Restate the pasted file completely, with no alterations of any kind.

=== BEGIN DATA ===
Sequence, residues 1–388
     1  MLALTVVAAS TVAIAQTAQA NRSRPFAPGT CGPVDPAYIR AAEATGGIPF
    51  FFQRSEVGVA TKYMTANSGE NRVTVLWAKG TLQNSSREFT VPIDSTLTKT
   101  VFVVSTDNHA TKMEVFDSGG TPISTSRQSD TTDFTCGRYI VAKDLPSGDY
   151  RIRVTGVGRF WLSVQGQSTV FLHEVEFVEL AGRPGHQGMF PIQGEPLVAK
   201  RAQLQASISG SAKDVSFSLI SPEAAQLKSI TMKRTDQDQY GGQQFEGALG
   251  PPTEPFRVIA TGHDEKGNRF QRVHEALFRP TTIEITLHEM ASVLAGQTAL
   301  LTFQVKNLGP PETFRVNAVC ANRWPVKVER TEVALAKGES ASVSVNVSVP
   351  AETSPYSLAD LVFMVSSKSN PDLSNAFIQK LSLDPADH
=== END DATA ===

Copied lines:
Sequence, residues 1–388
     1  MLALTVVAAS TVAIAQTAQA NRSRPFAPGT CGPVDPAYIR AAEATGGIPF
    51  FFQRSEVGVA TKYMTANSGE NRVTVLWAKG TLQNSSREFT VPIDSTLTKT
   101  VFVVSTDNHA TKMEVFDSGG TPISTSRQSD TTDFTCGRYI VAKDLPSGDY
   151  RIRVTGVGRF WLSVQGQSTV FLHEVEFVEL AGRPGHQGMF PIQGEPLVAK
   201  RAQLQASISG SAKDVSFSLI SPEAAQLKSI TMKRTDQDQY GGQQFEGALG
   251  PPTEPFRVIA TGHDEKGNRF QRVHEALFRP TTIEITLHEM ASVLAGQTAL
   301  LTFQVKNLGP PETFRVNAVC ANRWPVKVER TEVALAKGES ASVSVNVSVP
   351  AETSPYSLAD LVFMVSSKSN PDLSNAFIQK LSLDPADH